I once observed:
I still have stuff I wrote fifty years ago.
It’s not any good, mind you, but I have it.
Now, the web faces an apparently ceaseless deluge of content that’s generated by various forms of what passes for artificial intelligence. Thus, it seems a good time to note that although the stuff on this site also may not be any good, it always has been and will be written by a human, namely me.
It seems I can’t spend much time online these days without seeing numerous stories about how AI-generated content:
- Is becoming part of major search engines.
- Is putting human writers out of work.
- Has long been involved with basic journalistic writing at surprisingly high levels of distribution.
- Constitutes a huge majority of recent submissions to many content-seeking websites and other entities, some of which are trying to ban such submissions altogether.1
We are yet in the very early days of this cyber-torrent, and it will only grow. Soon, it may be impossible to know how much of what we’re reading — much less hearing, as with some of the already artificial-sounding content on many tech-oriented YouTube videos I’ve encountered lately2 — still comes from humans rather than AI.
And, don’t be fooled: just because an article has a human’s name in the byline is already pretty meaningless and, in fact, probably has been ever since the invention of pseudonyms.
“Pen names” have long had many purposes, among them: protecting authors’ private lives; allowing famous authors to try different genres without confusing or riling existing fans; and, back when female authors often weren’t taken as seriously as their male counterparts, enabling the former to go under the radar with male-sounding names (e.g., “George Eliot” for Mary Anne Evans).
Now, we can likely add one more purpose for pseudonyms: making us think that AI-generated content was, in fact, human-created.
Perhaps governing groups will try to enforce more honesty about such matters, but it’s likely that a large portion of the web won’t care and will keep promoting AI-generated text under human-like bylines. And I’m not even talking about outright fraudsters: I’d guess many seemingly trustworthy businesses will do this, especially in their marketing efforts, if for no other reason than to avoid paying human writers. (I further suspect I am being rather naive in positing this as a future activity, rather than something that’s already been going on for a while.)
Anyway . . .
I swear to you that this isn’t a case of Old Man Yells at Cloud, or a “Skynet is coming” screed, or anything of that sort. Indeed: over time, society will reap numerous benefits from ever-smarter forms of AI, and we’ll just have to hope that those outweigh the risks, as we must have such hopes about so many other aspects of human civilization’s inevitable changes.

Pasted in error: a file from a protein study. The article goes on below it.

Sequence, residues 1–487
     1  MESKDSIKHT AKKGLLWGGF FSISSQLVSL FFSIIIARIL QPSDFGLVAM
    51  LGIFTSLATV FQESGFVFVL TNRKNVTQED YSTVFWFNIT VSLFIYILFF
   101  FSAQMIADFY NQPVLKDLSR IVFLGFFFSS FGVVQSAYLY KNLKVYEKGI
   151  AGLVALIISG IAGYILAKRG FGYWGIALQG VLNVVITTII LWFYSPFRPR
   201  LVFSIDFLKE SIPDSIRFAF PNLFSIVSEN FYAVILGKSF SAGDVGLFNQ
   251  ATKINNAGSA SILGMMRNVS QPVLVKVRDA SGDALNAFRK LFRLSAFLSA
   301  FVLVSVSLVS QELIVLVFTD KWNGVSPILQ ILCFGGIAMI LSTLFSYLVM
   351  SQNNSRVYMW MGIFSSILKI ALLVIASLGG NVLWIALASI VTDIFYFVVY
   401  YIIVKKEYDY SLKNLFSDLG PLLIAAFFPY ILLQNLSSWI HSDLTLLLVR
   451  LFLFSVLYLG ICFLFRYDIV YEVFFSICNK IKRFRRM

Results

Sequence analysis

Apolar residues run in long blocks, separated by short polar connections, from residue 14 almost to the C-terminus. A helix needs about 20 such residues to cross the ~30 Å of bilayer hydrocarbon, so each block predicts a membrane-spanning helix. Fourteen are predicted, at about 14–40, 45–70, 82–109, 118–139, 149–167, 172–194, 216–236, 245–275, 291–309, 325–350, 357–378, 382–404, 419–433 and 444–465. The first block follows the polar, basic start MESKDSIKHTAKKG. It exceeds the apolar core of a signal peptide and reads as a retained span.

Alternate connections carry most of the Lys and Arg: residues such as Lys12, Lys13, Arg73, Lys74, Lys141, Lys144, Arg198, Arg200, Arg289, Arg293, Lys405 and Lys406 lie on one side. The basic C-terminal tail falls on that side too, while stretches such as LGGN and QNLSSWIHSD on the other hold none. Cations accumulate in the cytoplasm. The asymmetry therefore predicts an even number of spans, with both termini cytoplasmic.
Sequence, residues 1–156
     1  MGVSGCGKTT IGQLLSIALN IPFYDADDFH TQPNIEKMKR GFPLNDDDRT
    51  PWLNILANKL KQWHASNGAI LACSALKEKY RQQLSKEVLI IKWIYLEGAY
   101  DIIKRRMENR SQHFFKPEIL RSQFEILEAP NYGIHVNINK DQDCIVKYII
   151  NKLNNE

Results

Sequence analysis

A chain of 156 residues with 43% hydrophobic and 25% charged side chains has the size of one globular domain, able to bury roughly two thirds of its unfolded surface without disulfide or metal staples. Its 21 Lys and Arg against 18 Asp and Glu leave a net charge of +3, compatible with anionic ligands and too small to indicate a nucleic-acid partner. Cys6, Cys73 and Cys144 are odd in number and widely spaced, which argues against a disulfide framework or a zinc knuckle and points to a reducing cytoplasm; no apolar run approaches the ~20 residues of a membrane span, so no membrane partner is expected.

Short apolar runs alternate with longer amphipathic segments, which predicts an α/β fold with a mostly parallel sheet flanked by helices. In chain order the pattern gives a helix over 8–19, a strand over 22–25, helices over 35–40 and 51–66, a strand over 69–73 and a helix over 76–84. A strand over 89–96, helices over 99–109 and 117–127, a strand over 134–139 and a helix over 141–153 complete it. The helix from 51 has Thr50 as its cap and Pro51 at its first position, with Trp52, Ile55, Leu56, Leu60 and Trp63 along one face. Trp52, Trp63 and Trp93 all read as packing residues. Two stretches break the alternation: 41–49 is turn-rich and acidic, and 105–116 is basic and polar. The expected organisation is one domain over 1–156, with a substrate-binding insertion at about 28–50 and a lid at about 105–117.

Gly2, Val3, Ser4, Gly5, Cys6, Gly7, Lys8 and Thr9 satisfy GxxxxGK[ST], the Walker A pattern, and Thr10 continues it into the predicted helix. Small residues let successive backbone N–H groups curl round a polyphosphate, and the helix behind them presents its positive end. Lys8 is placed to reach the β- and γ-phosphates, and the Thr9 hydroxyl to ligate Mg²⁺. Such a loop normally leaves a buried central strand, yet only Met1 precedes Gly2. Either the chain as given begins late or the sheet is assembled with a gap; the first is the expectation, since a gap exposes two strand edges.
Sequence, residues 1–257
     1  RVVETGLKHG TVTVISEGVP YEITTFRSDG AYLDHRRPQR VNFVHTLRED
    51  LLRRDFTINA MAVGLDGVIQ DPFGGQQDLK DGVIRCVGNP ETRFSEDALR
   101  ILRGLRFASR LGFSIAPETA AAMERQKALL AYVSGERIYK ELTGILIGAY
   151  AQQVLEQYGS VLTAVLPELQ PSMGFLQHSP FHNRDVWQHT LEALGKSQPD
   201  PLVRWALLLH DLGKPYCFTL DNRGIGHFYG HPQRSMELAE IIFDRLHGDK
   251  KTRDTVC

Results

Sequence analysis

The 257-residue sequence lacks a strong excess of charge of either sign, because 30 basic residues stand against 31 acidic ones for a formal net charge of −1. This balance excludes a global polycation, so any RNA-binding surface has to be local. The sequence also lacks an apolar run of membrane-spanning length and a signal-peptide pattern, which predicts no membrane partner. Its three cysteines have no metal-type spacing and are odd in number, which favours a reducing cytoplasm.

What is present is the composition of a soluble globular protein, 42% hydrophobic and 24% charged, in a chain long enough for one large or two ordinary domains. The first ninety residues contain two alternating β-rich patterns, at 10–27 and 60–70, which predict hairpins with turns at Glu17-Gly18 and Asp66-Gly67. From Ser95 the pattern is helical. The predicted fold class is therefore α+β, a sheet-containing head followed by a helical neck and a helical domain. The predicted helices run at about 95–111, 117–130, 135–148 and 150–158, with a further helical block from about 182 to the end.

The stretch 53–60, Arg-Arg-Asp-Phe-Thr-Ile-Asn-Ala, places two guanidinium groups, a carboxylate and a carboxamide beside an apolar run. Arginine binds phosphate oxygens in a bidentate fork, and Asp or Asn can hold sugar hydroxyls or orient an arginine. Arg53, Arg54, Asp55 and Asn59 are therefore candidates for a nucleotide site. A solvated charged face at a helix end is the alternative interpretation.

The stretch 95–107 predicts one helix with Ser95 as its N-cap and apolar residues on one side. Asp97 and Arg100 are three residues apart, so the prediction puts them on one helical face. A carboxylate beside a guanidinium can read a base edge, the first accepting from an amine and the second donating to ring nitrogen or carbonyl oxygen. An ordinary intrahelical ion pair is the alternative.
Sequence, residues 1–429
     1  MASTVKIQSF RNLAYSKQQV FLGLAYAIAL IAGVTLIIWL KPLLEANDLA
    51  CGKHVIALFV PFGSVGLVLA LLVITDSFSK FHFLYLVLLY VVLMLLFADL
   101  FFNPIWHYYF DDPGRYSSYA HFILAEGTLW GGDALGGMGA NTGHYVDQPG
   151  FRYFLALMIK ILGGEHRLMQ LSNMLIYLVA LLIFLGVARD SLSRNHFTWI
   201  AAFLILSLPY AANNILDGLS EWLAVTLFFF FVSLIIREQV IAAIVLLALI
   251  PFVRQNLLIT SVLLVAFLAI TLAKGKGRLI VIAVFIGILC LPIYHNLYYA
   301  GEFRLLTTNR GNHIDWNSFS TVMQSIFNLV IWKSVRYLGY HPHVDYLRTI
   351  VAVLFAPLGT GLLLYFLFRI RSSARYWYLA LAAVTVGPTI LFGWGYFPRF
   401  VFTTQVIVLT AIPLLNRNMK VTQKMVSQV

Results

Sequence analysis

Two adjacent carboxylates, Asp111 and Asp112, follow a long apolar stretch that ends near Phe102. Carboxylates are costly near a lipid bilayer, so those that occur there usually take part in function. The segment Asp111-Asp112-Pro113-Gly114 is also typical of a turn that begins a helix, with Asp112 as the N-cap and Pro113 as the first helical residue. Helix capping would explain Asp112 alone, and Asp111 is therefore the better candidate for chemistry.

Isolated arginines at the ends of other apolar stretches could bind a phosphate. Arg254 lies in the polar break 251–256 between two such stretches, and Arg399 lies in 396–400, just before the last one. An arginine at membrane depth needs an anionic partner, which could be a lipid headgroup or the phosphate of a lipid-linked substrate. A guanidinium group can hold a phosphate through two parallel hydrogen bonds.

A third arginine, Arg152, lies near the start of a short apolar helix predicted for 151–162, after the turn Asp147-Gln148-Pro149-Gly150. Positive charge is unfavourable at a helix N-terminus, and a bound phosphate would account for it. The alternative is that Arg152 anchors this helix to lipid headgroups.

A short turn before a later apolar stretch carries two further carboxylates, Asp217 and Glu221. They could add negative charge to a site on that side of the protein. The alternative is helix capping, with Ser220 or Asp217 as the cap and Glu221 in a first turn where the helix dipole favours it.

All I really want to make clear is that — while it’s probably unavoidable that my research for these posts will include (and perhaps already has included) sources that aren’t human-generated3 — the content you read here that’s presented as being mine is always going to be really from me. While my words are of no great value in the grand scheme of things, they are and will continue to be 100% human-generated. On that, you have the word of this living, breathing, non-cybernetic being.
I say “trying to” because, as AI-generated content gets better and thus less easily identified as artificial, those entities will have to depend on the honesty of the humans who submit it as their own. Good luck with that. ↩︎
Of course, many videos’ audio tracks have artificial voices. In some cases, that’s because content creators who aren’t native English speakers can write their scripts in English but don’t want to read it with their own heavy accents, perhaps for fear of repelling certain individuals who unfortunately reject those with such accents. However, this post is about artificial generation, not voicing, of textual content — the former of which also seems to be increasing on YouTube and other video platforms. ↩︎
That also will have to count others’ code I mention since I wouldn’t necessarily know whether it’s human- or AI-generated, especially in view of the widespread use of tools like GitHub Copilot. ↩︎